By default, there aren't any Alert Dice in the stew.  You gain alert dice when the dungeon begins reacting to you.  (The most common example of this would be the goblins mobilizing search-and-destroy groups after the party has killed their shaman.)

Alert Dice work as enhancers.  They make certain encounters worse.

If you roll a 1 on an Alert Die, you encounter an enemy patrol.  (By default, this is just the regular goblin group from your regular encounter table, just alert and pissed off.) 

If you roll a 1 on the Light Die, you encounter a regular encounter.

If you roll a 1 on both the Light Die and the Alert Die, the party faces an enhanced encounter.  Either double the size of the encounter, or add 1-2 elites.  If you have multiple Alert Dice, treat each 1 as a similar, stacking enhancement.

Alert Dice can also be used to modulate the horror in a dungeon.  Perhaps once the second floor is unlocked, the catacombs flood the first floor with undead.  Enhanced encounters would be with undead versions of the previous encounters.

Alternatively, Alert Dice can be used to modulate the weirdness in a dungeon.  The Prism Castle begins to shift back to its home dimension once the Pope is rescued from the Infinite Carousel.  Patrol dice are added to the stew, but each Patrol is actually a random hallucinations/insanities that affects the party.  The enhanced encounters are a regular encounter where all the enemies are the ones affected by the madness.

You ran into a patrol while your torch was burning low.
Exultations of the Underworld (d20)

Without the light of the sun, the Throne of the Authority, the souls begin to loosen in their sockets.  Where the Underworld grasps, Hell will soon follow, and those fires have always held a certain attraction for souls.

1 Abduction.  A random player goes missing.  Their companions heard nothing, saw nothing.  If they were restrained by ropes, the ropes are now cut.  They were snatched away by troglodytic paws, or perhaps tumbled down a rocky embankment.  Their cries were muted by the dark.  (This may require two alternative timelines, now converging.)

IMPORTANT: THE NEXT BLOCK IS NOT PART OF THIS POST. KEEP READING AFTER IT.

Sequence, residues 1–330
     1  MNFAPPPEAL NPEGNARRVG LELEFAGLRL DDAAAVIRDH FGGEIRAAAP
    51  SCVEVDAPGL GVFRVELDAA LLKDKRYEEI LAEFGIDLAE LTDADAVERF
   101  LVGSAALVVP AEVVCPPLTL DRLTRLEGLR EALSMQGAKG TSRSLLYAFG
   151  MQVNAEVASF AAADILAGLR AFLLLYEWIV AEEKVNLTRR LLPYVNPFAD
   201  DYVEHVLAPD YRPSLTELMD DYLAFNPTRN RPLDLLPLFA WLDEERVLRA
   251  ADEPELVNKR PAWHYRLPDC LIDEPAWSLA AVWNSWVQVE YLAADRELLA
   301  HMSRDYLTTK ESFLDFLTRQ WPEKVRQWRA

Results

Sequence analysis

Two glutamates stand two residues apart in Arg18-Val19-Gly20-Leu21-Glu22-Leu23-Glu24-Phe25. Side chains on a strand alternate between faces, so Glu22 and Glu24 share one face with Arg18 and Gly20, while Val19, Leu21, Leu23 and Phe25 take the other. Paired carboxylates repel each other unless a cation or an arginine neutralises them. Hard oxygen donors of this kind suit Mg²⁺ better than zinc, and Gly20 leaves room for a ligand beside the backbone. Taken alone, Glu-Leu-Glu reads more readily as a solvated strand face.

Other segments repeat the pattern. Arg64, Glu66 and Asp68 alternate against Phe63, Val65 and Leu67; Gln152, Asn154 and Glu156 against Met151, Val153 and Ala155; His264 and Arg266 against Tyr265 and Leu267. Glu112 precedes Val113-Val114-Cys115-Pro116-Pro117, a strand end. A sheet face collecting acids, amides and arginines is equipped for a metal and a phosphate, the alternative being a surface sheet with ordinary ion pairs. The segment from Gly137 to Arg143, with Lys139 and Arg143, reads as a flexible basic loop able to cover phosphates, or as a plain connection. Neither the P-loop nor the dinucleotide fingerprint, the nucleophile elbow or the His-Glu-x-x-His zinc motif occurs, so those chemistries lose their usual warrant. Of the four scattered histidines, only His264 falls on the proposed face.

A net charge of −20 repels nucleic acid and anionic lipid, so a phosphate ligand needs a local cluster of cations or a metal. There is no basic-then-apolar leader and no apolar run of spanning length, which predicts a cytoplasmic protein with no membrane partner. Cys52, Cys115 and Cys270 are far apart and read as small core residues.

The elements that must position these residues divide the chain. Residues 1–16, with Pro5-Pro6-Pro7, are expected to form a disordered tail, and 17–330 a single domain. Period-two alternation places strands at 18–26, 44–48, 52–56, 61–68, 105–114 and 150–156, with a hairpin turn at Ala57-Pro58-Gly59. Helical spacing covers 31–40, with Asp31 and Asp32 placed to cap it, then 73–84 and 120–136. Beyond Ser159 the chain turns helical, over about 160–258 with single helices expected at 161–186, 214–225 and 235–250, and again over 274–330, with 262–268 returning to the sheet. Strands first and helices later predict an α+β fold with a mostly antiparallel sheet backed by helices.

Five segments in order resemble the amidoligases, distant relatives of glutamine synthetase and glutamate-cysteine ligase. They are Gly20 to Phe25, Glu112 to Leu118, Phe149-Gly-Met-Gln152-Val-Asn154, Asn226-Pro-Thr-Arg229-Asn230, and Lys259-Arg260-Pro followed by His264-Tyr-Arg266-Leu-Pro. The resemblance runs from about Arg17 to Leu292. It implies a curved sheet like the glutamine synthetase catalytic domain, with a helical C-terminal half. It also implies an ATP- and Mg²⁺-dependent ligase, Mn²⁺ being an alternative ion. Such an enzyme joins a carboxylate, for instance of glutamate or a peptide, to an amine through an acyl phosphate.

Now they are held captive on some other part of this floor, or perhaps one floor deeper.  If they are not rescued within 24 hours, they will never leave this place.

2 Panic.  The Underworld speaks, and the soul trembles.  Everyone must make a save vs Fear.  Failure means that they will run in a random direction, ignoring each other and ignoring all threats.  If they are restrained by ropes, they will cut the ropes.  Everyone who is affected can make a new save each round to end the Fear.

3 Rapture.  The Underworld commands, and the soul obeys.  Everyone must make a save vs Charm.  Failure means that they will attempt to murder themselves in the quickest possible way.  They will hurl themselves from cliffs and drink poison.  If they possess a bomb, they will detonate it.  Everyone who is affected can make a new save each round to end the Charm.

4 Dispersion.  If you are crossing an underworld hex-crawl, the party is moved 1 hex in a random direction.  If you are in a dungeon, you are moved 1d4 rooms in a random direction.  This occurs even if the intervening movement would be impossible, e.g. through solid rock or locked doors.

5 Unburdening.  Every character must make an Int check.  If a character fails, a random item of theirs goes missing.  They may find it again, with light.  It is somewhere on this floor, or perhaps the next.

6-10 Trauma.  Everyone gains 1 Trauma.

11-15 Encounter.  A regular random encounter.

16-20 Surprise.  A random encounter, with the enemies getting a surprise round.


  1. Got any more exultations of the underworld? I could seriously use a full d20 list of those any time

    1. Other ideas: fucked up versions of random encounters, changing the map while the party is in the dark, trading character sheets while the party is in the dark, spells escape and become hostile, magic items turn against you, another adventuring party and you're both convinced that the others are demons, new NPC joins the party and no one can tell who the new NPC is compared to the old one (shuffle names, none are familiar).

  2. I like how adaptable this system is - it's easy to make dice for any and all mechanics you want to throw into the pot: light, noise, factional shenanigans, monster agitation, time, etc.

    I think I'd also relish the reactions I'd get from noisily dropping a loud clinking die into a bowl after, say, the party makes a big noise.

    1. It *is* more of a spectacle than the encounter roll usually is.

  3. Speaking as someone nine months into running a hexcrawl in a surreal landscape, I'm furious i didn't have the idea for a Weird Die in addition the the Encounter Die.

  4. This is really interesting, as someone who wants their players to track torches and stuff. It feels like Darkest Dungeon's light stat, but more fleshed out and expanded in interesting ways.

  5. ran these rules with my friday group last session and MAN are they good. i changed a few things around - i had encumbrance expand the monster encounter range, and gave them an extra scout die for going into the dungeon well-researched.

    but the decision making while they were exploring felt great, and adding an alert die to the stew right before they stopped for a much-needed hour's rest injected a TON of tension. great stuff here, i'm sure i'll be using it for years to come!